The Doctor brings the TARDIS to the planet Cray, at a point in history where one of his heroes, famed peace negotiator Lord Darzil Carlisle, is about to broker peace talks between the Gora and Lineen nations. But before the Doctor can watch Carlisle in action, he’s drafted into playing a hockey-like game called Naxy. The training is exhaustive, but once the Doctor is out on the field for his first real game, he discovers the true nature of Naxy – it’s close-quarters combat to the death, with thousands of lives hanging in the balance. Nyssa, forced to watch the Doctor compete as the Naxy match is broadcast live across Cray, discovers the horrible truth: Naxy has evolved from a popular sport into Cray’s form of warfare – and the Doctor, who hoped to witness the peace process without having to participate in it, has now unwittingly taken sides as a combatant. And Carlisle is powerless to stop it.
Cast: Peter Davison (The Doctor), Sarah Sutton (Nyssa), William Russell (Lord Darzil Carlisle), Ursula Burton (Ambassador Faye Davis), Robert Curbishley (Ockie Dirr), Gregory Donaldon (Coach Bela Destry), Christopher Ellison (Morian), Andrew Lothian (Hollis Az), Jonathan Pearce (Garny Diblick), Dickon Tolson (Coach Sharz Sevix)
Timeline: after Creatures Of Beauty and before Time-Flight
LogBook entry and TheatEar review by Earl Green
Review: An interesting allegorical tale, The Game takes on two targets at once: hero worship and the increasing passion that fans invest in their hobbies – in this case, sports, though one could easily apply it to almost any other kind of fandom. The sports analogy works, though – sometimes completely by coincidence (maybe it’s a uniquely American perspective, but for some reason I thought about a certain infamous NBA game, and countless news reports about little league sports spoiled by squabbling parents). The appearance of a rather obvious villain figure about two-thirds of the way through the story throws things off track just a little bit, however – it’s as if the listener’s being primed for a message that never arrives.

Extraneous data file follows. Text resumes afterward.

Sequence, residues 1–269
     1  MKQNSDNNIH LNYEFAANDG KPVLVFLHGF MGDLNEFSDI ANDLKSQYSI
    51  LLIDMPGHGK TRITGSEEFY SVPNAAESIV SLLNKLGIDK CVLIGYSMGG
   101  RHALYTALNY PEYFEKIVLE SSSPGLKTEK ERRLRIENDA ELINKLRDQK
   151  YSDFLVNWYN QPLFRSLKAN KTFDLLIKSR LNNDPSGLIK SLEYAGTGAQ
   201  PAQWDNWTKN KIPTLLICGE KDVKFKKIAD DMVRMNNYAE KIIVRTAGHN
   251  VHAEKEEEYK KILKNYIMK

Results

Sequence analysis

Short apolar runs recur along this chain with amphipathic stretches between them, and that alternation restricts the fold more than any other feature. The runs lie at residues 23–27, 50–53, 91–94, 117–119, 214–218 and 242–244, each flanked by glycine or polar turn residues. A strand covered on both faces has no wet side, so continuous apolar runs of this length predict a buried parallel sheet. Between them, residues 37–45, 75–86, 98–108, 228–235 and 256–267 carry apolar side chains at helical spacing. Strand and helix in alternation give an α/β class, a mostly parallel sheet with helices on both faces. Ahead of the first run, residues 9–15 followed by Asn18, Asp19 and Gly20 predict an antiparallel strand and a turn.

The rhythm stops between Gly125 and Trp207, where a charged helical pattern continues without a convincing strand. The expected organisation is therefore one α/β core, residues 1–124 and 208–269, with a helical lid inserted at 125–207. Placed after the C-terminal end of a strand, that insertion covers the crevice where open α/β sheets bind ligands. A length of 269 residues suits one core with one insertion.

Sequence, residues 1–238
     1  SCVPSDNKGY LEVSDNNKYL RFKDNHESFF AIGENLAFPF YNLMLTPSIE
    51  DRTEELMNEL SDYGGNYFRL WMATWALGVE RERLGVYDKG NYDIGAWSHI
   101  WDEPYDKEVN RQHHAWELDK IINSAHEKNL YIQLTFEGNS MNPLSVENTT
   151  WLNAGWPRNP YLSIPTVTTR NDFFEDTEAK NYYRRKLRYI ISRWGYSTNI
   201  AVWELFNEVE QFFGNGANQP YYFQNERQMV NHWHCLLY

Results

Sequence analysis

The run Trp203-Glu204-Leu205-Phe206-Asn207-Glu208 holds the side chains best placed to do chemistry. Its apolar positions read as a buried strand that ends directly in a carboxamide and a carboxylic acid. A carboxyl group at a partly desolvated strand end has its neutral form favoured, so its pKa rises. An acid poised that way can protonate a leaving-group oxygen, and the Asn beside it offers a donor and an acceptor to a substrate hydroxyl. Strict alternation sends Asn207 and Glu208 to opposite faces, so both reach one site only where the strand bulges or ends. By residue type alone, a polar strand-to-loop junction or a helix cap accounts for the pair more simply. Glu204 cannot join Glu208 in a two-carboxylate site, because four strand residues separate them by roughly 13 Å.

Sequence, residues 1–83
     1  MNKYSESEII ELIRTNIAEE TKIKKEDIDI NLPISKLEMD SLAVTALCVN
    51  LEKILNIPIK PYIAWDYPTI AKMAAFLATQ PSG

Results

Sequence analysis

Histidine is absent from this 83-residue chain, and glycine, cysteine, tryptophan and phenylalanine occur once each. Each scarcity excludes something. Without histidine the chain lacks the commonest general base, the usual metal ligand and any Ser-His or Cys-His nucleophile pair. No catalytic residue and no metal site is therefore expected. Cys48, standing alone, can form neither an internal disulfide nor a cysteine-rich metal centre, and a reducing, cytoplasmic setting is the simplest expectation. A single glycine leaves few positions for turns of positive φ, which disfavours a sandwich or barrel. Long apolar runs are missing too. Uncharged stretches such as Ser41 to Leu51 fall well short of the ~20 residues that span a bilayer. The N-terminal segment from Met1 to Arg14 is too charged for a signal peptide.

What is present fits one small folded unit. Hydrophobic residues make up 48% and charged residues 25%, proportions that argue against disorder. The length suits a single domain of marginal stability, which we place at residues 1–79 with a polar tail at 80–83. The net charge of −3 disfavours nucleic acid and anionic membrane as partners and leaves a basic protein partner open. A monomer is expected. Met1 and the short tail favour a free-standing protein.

Darin Henry, a newcomer to Big Finish’s range of Doctor Who audio plays, gives us some sparkling dialogue in The Game, as well as an extremely unusual format: the story is divided into six episodes of roughly 20 minutes’ duration. I’ve gotten used to Big Finish pushing the opposite extreme – making audio Doctor Who that runs much longer than the traditional 25-minute episodes of all but one of the show’s first 26 years on the air – so it’s odd to see the opposite extreme. The cliffhangers are good ones, at least. From a production standpoint, The Game is a real treat – the bladed weapons used as Naxy sporting equipment sound truly nasty, the crowds sound like real crowds on game day (as I once lived a mere few blocks away from Lambeau Field in Green Bay, I know of what I speak here!), and the music veers from standard underscore material to pulsating techno music that wouldn’t be out of place going into an ESPN commercial break. Perfect.
William Russell, better known to longtime Doctor Who fans as the actor who played Ian Chesterson – one of the first Doctor’s original companions during the first two seasons of the series – turns in an impressive performance as an aged diplomat who is apparently an old friend of the Doctor – or, at least, a future Doctor. The rest of the cast delivers admirably – really, the only questionable “performance” is from the growling, grunting sound effects representing a non-human threat that appears alongside the villain of the piece.
Some interesting groundwork is laid for Nyssa’s later departure as depicted in the television series, and in fact she intends to leave him in The Game, though she has to rethink her plans later. And of course, we never learn which future Doctor helped Darzil Carlisle earlier in his diplomatic career…and the fun part is that, by now, we now have two more Doctors than we used to have to imagine fulfilling that role.